Guarding Against Financial Abuse: A Critical and Hidden Form of Domestic Violence
Draining the joint bank account. Taking away credit cards or intentionally harming personal credit. Restricting access to cash. Monitoring spending too closely.
These financial abuse tactics are as much a part of domestic violence as are physical and emotional abuse that affects one in four women in this country in her lifetime. According to the Allstate Foundation Purple Purse, 99 percent of domestic violence victims also suffer some sort of financial abuse, reports USA Today.
And financial abuse occurs every day of every month of every year, not just during October, nationally known as Domestic Violence Awareness Month.
“We do not talk about financial abuse, so many have not realized the impact,” says Katie Ray-Jones, Chief Executive Officer of the National Domestic Violence Hotline, that receives between 1,600 and 2,000 contacts a day from people across the U.S.
“Make sure you have access to your finances,” says Ray-Jones, CEO of the hotline that is partnering with Avon, the Avon Foundation for Women, and financial expert Suze Orman to produce a video series featuring stories of women overcoming domestic violence. One video in the series concerns financial abuse and plays on TheHotline.org during October.
Viewers are encouraged to watch and share the videos via their social media channels using the hashtag #WomenBreakingFree.
”You also have to check your credit score as partners may have opened credit in your name,” Ray-Jones says. “Know what revenue you have coming in and going out, and you might have to do that secretly.”
Another new public-service video, “Invisible Weapon,” from the Allstate Foundation Purple Purse campaign, features Serena Williams.
“Financial abuse is when the abuser controls access to money, including hiding assets, keeping a victim to get a job or denying them access to a bank or credit card account,” according to USA Today.
Allstate Foundation Purple Purse also launched a campaign across six major U.S. cities that uses urban artwork to highlight the issue of financial abuse, according to Capitol Hill Times.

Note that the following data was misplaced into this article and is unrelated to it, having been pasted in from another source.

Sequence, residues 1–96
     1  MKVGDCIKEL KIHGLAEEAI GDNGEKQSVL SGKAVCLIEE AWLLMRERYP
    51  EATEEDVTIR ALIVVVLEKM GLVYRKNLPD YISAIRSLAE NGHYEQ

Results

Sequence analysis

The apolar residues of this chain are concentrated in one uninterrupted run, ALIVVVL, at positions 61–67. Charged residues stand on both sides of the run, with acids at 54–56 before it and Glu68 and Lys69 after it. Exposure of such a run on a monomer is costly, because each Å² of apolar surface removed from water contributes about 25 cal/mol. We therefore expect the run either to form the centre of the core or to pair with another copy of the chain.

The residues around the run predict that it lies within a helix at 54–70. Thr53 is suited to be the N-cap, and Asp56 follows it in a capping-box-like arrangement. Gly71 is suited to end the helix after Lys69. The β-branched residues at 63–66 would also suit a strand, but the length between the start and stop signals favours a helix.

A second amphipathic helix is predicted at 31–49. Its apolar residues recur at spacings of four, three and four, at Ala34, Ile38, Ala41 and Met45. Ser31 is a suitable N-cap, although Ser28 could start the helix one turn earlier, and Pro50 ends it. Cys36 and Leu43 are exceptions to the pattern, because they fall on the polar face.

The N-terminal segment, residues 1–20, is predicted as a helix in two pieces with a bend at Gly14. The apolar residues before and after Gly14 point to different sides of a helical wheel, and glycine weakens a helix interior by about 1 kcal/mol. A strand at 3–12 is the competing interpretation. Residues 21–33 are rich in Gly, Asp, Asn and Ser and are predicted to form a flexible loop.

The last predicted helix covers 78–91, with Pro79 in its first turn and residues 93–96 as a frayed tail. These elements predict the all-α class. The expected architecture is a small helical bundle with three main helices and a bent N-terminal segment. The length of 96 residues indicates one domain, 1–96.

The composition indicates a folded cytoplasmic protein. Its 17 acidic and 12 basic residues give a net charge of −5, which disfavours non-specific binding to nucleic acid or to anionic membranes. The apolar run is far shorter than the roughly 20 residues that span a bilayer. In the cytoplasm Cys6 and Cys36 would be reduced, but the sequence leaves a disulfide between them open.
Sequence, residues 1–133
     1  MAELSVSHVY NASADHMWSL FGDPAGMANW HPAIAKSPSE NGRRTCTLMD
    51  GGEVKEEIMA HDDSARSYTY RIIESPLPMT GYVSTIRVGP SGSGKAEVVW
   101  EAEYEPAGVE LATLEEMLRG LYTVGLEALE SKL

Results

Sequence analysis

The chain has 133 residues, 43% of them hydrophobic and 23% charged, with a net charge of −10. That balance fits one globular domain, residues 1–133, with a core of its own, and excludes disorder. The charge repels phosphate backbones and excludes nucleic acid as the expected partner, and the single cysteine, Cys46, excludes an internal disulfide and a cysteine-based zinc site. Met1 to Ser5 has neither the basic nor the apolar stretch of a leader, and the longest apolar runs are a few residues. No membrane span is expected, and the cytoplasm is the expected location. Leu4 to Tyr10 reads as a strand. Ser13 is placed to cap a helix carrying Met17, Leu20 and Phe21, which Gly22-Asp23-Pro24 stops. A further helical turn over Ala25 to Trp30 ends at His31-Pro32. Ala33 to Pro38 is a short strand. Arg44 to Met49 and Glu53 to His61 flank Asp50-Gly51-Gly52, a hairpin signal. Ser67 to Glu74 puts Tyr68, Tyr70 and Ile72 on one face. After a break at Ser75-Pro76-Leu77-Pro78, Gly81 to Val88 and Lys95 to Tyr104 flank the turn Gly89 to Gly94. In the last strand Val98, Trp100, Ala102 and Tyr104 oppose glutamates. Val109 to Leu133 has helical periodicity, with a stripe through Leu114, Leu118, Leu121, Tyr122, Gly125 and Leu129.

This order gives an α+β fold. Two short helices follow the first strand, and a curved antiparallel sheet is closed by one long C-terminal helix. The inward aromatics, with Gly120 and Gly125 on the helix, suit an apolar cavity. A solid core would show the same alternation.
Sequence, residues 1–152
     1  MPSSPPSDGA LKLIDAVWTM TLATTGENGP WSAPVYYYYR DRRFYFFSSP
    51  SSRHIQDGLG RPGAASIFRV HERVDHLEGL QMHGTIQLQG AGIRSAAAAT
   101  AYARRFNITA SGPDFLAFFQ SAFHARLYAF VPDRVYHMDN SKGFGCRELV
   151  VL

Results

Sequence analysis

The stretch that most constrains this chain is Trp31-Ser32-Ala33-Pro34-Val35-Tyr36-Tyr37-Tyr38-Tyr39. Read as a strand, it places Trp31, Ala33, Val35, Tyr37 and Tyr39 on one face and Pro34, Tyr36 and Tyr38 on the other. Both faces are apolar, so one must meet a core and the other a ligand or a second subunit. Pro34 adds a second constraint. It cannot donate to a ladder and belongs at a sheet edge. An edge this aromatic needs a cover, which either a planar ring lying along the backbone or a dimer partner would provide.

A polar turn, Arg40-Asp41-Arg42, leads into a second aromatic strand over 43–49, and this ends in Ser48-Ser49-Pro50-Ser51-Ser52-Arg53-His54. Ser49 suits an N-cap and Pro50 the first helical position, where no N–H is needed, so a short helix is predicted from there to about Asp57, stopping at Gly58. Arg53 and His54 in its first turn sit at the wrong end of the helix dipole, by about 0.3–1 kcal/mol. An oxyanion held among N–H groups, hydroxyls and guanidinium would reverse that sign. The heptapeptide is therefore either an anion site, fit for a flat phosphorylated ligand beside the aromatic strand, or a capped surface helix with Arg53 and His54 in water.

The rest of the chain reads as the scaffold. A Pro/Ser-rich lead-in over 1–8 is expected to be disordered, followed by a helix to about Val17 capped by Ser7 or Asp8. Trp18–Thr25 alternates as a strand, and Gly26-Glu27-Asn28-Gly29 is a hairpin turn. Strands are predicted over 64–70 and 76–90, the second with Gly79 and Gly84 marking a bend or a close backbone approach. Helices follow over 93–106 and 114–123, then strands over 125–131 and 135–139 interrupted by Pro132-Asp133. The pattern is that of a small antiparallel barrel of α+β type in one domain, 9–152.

“We need to get conversations started about these issues to bring them out from behind closed doors, so we encourage everyone to do that,” Ellen Lisak, Allstate Foundation Purple Purse senior program officer, tells Capitol Hill Times.
“As the company for women, Avon is committed to inspiring the financial independence, health and wellbeing of women and their families. With one in four women shown to be a victim of domestic violence sometime in her life, that means we all know a mother, a sister, a friend, a daughter who has experienced abuse,” shared Debbie Coffey, Vice President, Corporate Communications, New Avon LLC. “Without adequate economic resources, women are often incapable of breaking free of abusive relationships.”
“We’re at this pivotal moment and we have seen women come forward and share their stories,” Ray-Jones says. “We’re hoping to elevate awareness and to recognize this is abusive as well,” she says, adding that those who call the hotline get a code for free access to the video series as well as to the curriculum.”
What can you do as a leader, friend, colleague, sister, mother, aunt, daughter? And what can you do if this is happening to you?
If you are in a relationship where you are suffering from financial abuse, seek help from the hotline, where you can also find local resources. If you have a colleague at work or a friend who is dealing with financial abuse, understand the severity of the situation, its impact and offer a chance to listen, and be a safety net. You can also research local resources and advise your friend on how to exit the relationship.
The National Domestic Violence Hotline is available 24 hours a day, seven days a week, 365 days a year. There is a Live Chat feature as well as the hotline at 1-800-799-SAFE (7233), or 1-800-787-3224 (TTY). Advocates who are deaf are available Monday to Friday, 9 a.m. to 5 p.m. (PST) by videophone (855-812-1001), instant messenger (DeafHotline) or email (email@example.com).
loveisrespect is a project of The Hotline. Its purpose is to engage, educate and empower young people to prevent and end abusive relationships. The organization provides information and support to concerned friends and family members, teachers, counselors, service providers and members of law enforcement. Free and confidential phone, live chat and texting services are available 24/7/365.